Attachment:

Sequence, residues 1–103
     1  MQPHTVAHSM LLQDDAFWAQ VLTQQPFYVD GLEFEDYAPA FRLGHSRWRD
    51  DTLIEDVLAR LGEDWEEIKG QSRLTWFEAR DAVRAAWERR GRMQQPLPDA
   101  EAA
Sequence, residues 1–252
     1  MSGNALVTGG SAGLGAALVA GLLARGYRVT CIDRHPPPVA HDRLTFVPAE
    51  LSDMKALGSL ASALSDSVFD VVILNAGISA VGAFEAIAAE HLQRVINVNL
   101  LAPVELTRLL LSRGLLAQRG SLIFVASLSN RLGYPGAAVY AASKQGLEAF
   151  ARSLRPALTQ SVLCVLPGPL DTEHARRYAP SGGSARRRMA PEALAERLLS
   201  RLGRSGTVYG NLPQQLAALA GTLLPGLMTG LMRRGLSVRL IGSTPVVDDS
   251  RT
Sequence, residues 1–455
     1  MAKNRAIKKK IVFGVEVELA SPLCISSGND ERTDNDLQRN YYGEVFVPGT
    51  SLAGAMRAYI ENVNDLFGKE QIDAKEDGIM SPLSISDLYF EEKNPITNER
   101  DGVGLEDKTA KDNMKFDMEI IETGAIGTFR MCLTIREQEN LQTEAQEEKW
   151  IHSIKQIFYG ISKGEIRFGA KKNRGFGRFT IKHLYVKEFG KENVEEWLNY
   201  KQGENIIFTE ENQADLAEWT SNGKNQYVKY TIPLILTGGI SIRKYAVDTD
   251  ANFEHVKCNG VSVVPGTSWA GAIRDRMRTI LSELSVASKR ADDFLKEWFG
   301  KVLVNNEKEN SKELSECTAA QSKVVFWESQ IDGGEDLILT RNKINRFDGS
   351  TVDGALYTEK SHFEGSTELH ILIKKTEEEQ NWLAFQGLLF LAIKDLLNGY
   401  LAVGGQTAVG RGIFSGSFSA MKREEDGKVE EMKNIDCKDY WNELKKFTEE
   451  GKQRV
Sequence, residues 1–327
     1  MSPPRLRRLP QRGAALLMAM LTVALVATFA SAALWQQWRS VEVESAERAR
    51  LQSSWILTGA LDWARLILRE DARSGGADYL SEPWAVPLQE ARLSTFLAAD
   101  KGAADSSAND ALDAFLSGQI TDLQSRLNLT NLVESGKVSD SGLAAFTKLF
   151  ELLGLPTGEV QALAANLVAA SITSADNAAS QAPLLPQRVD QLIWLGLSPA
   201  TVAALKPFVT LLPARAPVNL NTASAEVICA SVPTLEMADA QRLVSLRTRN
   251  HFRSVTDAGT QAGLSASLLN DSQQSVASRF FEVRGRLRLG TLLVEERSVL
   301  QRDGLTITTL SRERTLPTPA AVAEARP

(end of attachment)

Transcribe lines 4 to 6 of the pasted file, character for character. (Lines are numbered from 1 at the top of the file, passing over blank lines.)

   101  EAA
Sequence, residues 1–252
     1  MSGNALVTGG SAGLGAALVA GLLARGYRVT CIDRHPPPVA HDRLTFVPAE